Who is Fernando?

I'm Fernando Paolo, a Machine Learning Engineer and Research Scientist at Global Fishing Watch, an international nonprofit organization. I develop algorightms to analyze global feeds of satellite radar and optical imagery, and use (deep) artificial neural networks to investigate human activity at sea and related environmental change.

Before that, I worked at NASA Jet Propulsion Lab, studying the role of the Cryosphere in the Earth's climate system and its implication on future sea-level change. I used high-performance computing to analyze three decades of radar and laser satellite measurements and quantify ice sheet loss.

Before that, I got my PhD in Geophysics from the University of California, San Diego, where I developed statistical methods for satellite data fusion and change detection to study ice-ocean-atmosphere interactions.

Before that, I got my MS in Geophysics working with space geodesy, combining spaceborne and shipborne measurements to improve the derivation of the Earth's gravity field using inverse methods.

Before that, I got interested in climate science during my undergraduate years while taking part in an Antarctic expedition. I studied Oceanography at the University of Sao Paulo, Brazil, participating in several scientific cruises to the South Atlantic Ocean.

in the wild

May your search through nature... lead you to yourself

Professional Biosketch

Fernando develops machine learning algorithms for global analysis of satellite data to investigate human activity at sea and associated environmental change. Fernando is currently working on an AI-powered object detection system for Global Fishing Watch using petabytes of radar and optical imagery. Before joining GFW, Fernando worked as a postdoctoral scholar at the NASA Jet Propulsion Lab, where he used satellite measurements to quantify current ice sheet loss and global sea level change. He received the 2015 NASA Most Valuable Player Award for his work on ice shelf change, and two NASA Group Achievement Awards for his contribution to the ICESat-2 mission. Fernando obtained his PhD in geophysics from the University of California, San Diego, and has authored numerous articles on climate research using statistical/ML methods. He has also participated in several scientific cruises to the Southern Ocean including an expedition to Antarctica. Fernando is a strong advocate of open source and open data.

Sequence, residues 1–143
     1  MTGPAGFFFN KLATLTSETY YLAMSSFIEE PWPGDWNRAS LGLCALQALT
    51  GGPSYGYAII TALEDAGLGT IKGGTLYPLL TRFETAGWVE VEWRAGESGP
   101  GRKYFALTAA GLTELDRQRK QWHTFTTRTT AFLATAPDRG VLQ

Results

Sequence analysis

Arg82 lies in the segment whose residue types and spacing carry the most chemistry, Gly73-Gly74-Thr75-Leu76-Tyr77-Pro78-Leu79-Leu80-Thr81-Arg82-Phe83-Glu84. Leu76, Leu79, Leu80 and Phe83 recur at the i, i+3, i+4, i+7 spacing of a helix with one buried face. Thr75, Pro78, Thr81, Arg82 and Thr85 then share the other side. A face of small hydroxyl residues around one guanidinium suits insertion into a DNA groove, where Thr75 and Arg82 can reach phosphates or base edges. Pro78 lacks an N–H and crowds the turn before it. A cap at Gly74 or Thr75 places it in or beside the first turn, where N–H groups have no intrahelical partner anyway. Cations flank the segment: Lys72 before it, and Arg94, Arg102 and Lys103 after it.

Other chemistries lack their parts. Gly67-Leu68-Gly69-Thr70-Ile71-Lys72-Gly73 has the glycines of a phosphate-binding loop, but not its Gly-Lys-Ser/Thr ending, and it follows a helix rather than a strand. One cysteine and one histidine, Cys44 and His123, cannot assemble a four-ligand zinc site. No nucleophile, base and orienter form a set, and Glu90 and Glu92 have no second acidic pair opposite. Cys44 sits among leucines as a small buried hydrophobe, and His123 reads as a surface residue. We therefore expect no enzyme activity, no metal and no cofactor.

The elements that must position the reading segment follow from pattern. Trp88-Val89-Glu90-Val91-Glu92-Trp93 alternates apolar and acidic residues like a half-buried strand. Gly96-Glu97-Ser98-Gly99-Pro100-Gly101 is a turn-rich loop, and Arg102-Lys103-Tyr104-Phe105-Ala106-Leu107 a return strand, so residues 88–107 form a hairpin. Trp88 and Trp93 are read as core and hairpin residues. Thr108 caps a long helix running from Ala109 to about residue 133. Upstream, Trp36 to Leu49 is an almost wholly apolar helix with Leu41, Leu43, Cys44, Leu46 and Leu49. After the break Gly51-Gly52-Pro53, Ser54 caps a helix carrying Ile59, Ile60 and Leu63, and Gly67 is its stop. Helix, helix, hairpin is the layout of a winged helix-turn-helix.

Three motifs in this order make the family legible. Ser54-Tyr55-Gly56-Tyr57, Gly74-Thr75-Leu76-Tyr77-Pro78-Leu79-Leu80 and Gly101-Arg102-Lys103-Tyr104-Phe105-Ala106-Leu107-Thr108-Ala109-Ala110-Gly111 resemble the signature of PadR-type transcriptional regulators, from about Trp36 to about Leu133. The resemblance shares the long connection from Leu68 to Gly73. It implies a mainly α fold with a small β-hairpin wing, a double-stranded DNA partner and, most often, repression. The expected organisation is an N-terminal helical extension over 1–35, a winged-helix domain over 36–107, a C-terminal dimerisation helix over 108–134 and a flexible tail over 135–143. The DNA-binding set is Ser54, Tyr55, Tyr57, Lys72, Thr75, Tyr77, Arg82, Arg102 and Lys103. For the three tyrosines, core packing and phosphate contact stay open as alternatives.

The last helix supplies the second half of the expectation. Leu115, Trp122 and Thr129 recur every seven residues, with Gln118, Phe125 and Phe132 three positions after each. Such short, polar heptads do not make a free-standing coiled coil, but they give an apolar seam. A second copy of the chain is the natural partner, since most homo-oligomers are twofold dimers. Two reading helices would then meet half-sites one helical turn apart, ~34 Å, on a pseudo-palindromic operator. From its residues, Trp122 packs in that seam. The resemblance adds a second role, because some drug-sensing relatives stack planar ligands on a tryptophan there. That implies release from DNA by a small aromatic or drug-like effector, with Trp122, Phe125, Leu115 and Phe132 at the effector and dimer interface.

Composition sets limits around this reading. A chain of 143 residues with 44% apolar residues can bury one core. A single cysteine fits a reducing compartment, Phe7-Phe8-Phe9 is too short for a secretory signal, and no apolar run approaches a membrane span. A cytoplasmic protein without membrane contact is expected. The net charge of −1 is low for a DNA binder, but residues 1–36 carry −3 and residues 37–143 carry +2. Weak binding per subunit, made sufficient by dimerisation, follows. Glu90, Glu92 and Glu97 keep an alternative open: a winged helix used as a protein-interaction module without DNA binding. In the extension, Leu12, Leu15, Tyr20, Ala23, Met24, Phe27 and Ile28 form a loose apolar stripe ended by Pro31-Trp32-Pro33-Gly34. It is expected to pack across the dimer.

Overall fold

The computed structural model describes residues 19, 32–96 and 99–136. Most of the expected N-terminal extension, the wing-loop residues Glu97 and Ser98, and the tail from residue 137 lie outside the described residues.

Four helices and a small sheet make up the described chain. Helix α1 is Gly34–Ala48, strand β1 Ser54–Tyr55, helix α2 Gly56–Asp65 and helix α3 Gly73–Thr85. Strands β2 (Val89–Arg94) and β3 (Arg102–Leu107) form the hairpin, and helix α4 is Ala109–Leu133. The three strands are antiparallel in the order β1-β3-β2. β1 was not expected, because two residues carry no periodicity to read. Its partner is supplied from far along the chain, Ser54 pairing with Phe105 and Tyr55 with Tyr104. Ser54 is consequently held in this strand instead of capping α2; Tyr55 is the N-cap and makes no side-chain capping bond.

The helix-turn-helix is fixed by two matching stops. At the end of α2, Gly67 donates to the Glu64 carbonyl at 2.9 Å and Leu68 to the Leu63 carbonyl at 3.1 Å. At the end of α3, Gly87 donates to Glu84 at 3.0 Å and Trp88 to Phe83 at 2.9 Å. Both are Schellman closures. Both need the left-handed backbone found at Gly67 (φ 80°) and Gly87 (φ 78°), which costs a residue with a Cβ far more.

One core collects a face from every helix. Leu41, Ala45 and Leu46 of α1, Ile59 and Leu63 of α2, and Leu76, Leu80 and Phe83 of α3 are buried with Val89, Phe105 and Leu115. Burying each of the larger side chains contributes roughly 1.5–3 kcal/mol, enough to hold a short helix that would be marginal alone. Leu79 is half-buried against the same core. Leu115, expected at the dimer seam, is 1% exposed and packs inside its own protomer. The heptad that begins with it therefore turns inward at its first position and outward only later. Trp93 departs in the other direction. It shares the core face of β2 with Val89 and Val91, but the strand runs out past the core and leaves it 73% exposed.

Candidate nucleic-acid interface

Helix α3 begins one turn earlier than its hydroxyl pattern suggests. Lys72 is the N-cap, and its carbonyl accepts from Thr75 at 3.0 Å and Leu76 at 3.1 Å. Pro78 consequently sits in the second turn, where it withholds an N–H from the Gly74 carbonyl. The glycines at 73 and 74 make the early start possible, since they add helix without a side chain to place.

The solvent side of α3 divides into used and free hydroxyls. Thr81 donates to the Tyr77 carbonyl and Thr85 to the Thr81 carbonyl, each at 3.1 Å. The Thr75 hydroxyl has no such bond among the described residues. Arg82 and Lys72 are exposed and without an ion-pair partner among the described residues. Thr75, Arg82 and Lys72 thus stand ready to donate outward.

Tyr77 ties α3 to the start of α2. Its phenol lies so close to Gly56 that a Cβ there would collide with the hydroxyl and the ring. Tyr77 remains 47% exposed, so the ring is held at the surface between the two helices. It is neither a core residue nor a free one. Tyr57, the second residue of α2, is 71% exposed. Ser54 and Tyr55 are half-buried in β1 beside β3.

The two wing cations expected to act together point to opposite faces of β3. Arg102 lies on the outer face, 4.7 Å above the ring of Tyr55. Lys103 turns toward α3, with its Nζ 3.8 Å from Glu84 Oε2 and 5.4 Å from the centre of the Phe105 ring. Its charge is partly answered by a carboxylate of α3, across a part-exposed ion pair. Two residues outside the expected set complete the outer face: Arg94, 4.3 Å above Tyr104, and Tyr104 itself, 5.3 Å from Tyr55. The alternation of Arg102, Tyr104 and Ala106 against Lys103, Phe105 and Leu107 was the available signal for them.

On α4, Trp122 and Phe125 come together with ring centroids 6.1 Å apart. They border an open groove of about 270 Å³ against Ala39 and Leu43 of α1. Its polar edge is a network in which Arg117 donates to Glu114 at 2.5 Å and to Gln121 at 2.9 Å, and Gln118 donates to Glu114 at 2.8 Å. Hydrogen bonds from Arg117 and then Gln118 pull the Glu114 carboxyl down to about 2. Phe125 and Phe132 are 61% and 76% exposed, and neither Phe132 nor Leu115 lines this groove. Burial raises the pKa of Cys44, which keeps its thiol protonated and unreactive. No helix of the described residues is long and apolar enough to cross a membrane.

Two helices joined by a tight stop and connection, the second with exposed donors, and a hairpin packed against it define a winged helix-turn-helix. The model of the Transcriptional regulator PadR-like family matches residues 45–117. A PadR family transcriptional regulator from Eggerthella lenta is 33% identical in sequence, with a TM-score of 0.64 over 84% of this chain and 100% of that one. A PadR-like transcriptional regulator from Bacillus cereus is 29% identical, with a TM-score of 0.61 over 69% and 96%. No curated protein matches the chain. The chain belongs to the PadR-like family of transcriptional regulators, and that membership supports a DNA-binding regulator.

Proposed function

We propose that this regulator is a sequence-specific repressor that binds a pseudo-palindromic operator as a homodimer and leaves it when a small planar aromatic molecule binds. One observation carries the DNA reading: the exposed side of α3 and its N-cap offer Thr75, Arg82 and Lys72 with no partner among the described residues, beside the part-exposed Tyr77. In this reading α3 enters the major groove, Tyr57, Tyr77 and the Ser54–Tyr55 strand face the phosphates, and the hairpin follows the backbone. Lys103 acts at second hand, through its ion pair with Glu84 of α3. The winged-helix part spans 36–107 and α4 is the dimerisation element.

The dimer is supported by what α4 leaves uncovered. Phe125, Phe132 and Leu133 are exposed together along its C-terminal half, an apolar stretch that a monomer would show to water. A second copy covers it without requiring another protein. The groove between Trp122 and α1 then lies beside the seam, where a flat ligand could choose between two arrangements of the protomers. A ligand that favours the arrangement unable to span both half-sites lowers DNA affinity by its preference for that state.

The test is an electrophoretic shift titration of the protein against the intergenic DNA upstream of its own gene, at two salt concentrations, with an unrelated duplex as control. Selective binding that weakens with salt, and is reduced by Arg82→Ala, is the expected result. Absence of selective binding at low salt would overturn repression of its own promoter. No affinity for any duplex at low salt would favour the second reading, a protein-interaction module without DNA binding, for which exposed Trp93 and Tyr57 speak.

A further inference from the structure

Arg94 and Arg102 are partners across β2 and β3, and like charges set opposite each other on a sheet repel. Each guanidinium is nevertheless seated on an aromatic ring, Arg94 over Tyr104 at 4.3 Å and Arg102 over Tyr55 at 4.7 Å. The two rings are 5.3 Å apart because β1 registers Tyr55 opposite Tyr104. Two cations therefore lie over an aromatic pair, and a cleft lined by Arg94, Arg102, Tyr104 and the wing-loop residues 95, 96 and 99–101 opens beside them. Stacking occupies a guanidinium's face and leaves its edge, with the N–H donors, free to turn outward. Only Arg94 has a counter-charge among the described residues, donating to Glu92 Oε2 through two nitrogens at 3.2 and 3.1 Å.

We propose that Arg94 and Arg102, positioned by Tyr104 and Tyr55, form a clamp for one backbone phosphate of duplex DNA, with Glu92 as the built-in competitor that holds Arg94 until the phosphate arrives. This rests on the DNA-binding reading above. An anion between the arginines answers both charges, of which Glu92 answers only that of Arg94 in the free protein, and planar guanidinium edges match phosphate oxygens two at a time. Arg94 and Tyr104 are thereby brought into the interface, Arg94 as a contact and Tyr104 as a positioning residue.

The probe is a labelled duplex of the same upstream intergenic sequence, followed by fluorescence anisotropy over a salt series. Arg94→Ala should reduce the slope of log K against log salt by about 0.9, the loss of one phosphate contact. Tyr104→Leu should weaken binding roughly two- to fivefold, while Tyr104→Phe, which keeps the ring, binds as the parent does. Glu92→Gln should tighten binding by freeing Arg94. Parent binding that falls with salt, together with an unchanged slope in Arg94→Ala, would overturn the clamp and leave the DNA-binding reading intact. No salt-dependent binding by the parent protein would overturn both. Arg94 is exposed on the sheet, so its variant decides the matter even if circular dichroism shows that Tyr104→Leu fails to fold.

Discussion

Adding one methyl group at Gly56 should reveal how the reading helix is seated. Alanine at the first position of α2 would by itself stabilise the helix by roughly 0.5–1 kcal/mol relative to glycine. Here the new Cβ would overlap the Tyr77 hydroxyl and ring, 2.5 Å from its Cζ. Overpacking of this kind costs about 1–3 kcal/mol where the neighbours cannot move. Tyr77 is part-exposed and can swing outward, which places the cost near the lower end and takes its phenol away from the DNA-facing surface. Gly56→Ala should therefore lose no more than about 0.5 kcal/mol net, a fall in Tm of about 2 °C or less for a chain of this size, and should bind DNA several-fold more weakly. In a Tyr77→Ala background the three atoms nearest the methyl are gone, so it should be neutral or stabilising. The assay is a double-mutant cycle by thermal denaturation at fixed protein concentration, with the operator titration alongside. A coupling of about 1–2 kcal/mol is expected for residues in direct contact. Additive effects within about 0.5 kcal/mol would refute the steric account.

Beyond my research

Besides studying the impact of humans in the environment and climate, in my "free" time I like to deepen my understanding on a variety of subjects, including our perception of reality and the link to psychological suffering; the relationship between conciousness, intelligence and experience; the parallels between modern physics and ancient mysticism in understanding the natural world; the implications of achieving artificial general intelligence; the limits of human performance, health and lifespan; and what actually makes life worth living; among others.

Why a minimal design?

In a visually striking and polluted world, a minimalistic layout recovers the beauty of simplicity and sophistication. The aesthetics of modern design is clean and focuses on the contents' essential, reducing the subject to its fundamental features, and nothing more...

In anything at all, perfection is finally attained not when there is no longer anything to add, but when there is no longer anything to take away, when a body has been stripped down to its nakedness. -Antoine de Saint Exupéry

The public is more familiar with bad design than good design. It is, in effect, conditioned to prefer bad design, because that is what it lives with. The new becomes threatening, the old reassuring. -Paul Rand